Learning in, about and for the natural environment through Acorn Antics

At this time of year, we’d normally be encouraging education groups to get outside and collect acorns on our behalf as part of the Acorn Antics campaign. Due to current circumstances, we are unable to run the campaign this year but hope to see it return in 2021. Here’s Aled Hopkin, Specialist Advisor: Children, Education, Lifelong, to explain more about the project and look back at some of the achievements to date.

The first national Acorn Antics campaign was held in 2017. It was a good year for acorns, and just over a tonne of acorns was collected from 76 different locations across Wales.  The campaign has gone from strength to strength since then as interest and awareness has grown, with groups from schools and nurseries, to Brownies and Young Farmers getting involved. 

Each autumn, we’ve been asking learners from all corners of Wales to help make sure we have plentiful stocks of native, local oak trees by going out to collect acorns in their local area. It is a great way to get children and young people learning in, about and for the natural environment whilst raising funds for their setting.

So how does it work? After they’ve been out collecting, participating groups drop off their acorns at the nearest NRW office. They are delivered to Oakmere Nurseries in Cheshire (part of Forest England, Plant and Seed Supply), for grading, weighing and planting. We then reward the education group with payment for their efforts, based on the number and quality of the acorns collected.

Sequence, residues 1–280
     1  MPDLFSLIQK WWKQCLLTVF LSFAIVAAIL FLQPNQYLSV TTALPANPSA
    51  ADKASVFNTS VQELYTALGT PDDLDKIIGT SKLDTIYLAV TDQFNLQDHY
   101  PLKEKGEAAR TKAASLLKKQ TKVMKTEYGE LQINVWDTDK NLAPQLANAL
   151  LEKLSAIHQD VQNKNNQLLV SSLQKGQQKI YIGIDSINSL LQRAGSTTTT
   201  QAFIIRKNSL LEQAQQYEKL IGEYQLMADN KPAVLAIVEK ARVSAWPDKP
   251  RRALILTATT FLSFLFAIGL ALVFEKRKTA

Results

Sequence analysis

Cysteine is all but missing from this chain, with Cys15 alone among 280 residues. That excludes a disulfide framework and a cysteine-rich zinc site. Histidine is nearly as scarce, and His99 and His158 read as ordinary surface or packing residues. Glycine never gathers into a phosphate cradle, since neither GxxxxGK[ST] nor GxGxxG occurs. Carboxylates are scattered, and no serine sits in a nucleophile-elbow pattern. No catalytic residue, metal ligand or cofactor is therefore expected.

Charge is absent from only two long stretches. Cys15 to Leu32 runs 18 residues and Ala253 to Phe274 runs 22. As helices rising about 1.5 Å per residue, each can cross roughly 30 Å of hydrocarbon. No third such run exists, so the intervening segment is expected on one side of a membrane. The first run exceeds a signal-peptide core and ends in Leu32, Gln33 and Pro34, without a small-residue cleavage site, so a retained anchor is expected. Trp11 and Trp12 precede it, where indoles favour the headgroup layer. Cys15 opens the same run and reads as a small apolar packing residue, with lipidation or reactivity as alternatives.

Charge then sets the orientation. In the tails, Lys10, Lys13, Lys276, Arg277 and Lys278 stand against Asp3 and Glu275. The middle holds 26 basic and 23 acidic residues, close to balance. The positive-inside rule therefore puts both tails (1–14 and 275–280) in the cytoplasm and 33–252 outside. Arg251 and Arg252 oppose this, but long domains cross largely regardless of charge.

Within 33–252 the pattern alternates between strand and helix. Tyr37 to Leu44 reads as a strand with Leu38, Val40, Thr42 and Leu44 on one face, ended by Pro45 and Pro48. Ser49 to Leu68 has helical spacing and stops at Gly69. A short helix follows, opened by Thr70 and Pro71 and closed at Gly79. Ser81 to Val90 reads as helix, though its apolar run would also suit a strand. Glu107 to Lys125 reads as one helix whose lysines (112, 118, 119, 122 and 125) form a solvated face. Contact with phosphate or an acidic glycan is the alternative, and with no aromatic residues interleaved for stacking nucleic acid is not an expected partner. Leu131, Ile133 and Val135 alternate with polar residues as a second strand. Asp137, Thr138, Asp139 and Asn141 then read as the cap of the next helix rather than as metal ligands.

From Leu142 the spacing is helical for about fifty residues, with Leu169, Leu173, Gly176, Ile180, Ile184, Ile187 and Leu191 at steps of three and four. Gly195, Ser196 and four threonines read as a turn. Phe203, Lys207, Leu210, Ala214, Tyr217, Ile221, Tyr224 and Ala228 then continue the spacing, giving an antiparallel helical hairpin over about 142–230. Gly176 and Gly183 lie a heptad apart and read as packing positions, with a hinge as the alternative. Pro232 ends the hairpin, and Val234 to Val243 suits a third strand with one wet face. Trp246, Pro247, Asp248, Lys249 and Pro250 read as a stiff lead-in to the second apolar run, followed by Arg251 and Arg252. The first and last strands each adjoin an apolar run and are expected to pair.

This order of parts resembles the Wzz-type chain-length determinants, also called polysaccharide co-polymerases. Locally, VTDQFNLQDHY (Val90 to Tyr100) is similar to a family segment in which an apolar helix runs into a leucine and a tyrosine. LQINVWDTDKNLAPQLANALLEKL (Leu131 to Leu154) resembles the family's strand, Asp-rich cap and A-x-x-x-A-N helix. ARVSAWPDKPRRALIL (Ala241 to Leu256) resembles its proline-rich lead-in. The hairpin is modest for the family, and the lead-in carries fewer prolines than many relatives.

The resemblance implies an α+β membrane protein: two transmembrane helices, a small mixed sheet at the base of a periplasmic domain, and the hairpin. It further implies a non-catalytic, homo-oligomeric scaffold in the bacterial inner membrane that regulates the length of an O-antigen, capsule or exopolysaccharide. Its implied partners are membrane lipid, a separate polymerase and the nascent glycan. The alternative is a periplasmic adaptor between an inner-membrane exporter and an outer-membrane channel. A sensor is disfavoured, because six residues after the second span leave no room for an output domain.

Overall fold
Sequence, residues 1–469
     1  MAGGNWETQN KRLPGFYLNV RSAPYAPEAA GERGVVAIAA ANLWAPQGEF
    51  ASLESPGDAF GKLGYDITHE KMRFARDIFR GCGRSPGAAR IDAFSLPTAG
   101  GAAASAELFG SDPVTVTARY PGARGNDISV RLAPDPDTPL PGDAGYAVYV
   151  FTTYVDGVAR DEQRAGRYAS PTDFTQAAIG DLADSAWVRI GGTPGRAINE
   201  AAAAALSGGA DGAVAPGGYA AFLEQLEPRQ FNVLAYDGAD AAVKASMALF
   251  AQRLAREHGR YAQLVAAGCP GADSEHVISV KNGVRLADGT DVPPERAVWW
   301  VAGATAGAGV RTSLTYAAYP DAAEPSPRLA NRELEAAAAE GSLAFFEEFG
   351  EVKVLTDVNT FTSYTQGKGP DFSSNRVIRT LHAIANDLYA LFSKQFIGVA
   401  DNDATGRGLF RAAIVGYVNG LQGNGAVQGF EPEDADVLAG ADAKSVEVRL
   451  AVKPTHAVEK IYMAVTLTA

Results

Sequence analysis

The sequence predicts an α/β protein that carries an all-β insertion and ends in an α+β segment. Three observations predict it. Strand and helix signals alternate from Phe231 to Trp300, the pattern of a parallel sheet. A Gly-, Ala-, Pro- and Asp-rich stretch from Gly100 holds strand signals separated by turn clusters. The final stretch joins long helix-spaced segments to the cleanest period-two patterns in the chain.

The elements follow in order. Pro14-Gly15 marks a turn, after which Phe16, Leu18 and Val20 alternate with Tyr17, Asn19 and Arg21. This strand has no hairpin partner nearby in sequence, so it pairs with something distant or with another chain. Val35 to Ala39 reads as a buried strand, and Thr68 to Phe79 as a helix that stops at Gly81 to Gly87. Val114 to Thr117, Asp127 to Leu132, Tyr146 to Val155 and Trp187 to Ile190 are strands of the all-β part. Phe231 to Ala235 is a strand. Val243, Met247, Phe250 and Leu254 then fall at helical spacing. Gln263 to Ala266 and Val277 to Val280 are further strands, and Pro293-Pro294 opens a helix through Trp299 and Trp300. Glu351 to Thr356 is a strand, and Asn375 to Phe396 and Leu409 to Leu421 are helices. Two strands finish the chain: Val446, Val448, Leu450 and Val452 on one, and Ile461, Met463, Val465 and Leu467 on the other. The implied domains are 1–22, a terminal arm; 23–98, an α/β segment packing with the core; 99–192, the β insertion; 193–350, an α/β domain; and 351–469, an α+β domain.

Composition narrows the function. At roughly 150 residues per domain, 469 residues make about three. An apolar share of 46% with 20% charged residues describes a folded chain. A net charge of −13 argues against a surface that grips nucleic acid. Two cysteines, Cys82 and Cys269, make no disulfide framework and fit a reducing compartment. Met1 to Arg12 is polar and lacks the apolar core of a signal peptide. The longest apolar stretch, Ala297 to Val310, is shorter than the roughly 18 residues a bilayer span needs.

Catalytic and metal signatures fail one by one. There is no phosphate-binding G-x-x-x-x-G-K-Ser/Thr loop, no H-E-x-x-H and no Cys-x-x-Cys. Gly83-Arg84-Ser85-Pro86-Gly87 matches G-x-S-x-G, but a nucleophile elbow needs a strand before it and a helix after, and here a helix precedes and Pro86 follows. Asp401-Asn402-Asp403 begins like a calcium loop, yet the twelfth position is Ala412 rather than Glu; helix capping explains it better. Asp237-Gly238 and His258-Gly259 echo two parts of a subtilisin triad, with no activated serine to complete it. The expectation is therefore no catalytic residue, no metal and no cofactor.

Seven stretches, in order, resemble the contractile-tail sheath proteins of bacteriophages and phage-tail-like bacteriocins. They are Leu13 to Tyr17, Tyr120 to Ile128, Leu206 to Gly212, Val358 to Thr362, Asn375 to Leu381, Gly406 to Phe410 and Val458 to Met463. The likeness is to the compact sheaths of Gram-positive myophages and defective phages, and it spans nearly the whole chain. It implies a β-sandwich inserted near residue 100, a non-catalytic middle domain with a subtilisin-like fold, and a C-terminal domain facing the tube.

When the acorns have developed into small but hardy trees, they are taken from the tree nursery between October and April and are planted within the area from which they were collected as acorns. 

With an ever-changing climate, Welsh oak trees face a fight for survival against pests and diseases. Trees grown from local seed stock will have a higher growth rate and ability to survive and resist diseases than trees grown and imported from further afield. 

By having education groups from across Wales taking part in our Acorn Antics campaign we receive acorns which have been collected from numerous different locations, helping us increase and strengthen the genetic gene pool of our Welsh oak trees. 

The first Acorn Antics oak trees, grown from acorns collected in 2017 came back to Wales and were planted just outside the town of Ruthin in Denbighshire in 2019 by some of the learners that helped to collect the acorns.

In 2019, we received 166 sacks of acorns from 44 education groups from across Wales.  1,083.45 kg of acorns were collected in six weeks from 87 locations – that’s roughly 3.2 million acorns, enough to plant 232 football pitches full of oak trees!

NRW aims to plant over 870,000 broadleaf trees each year; 300,000 of these will be Welsh oak trees. Acorn Antics plays a big part in helping us achieve this. We’re grateful to all the schools and education groups who have been involved to date, and we look forward to kicking off the campaign again next autumn if circumstances allow.

In the meantime, we have plenty of activities and educational resources about acorns and oaks on our website. Go to our Trees and Woodlands webpage.

Explore more

Newsletter sign up

Sign up to receive monthly updates from Natural Resources Wales